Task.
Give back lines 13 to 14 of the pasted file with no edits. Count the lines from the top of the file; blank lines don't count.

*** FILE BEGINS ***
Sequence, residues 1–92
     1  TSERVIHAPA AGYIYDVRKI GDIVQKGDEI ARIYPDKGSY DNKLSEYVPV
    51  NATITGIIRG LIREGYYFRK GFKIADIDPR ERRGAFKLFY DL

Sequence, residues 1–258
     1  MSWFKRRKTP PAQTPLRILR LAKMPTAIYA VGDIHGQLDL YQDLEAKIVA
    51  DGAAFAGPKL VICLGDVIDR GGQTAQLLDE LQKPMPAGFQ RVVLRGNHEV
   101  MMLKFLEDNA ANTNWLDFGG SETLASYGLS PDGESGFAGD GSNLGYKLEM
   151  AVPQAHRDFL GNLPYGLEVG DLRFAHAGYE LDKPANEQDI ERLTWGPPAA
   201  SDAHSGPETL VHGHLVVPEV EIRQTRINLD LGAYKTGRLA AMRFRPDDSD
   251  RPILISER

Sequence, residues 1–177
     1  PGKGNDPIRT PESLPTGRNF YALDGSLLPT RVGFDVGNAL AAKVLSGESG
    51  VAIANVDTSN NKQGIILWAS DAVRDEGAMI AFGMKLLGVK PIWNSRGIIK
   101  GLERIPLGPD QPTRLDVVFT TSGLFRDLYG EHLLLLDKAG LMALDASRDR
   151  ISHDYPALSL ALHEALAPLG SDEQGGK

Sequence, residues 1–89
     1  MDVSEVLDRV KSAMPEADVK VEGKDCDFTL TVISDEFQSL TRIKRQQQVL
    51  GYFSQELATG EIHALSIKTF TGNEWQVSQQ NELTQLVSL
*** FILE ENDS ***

    51  VAIANVDTSN NKQGIILWAS DAVRDEGAMI AFGMKLLGVK PIWNSRGIIK
   101  GLERIPLGPD QPTRLDVVFT TSGLFRDLYG EHLLLLDKAG LMALDASRDR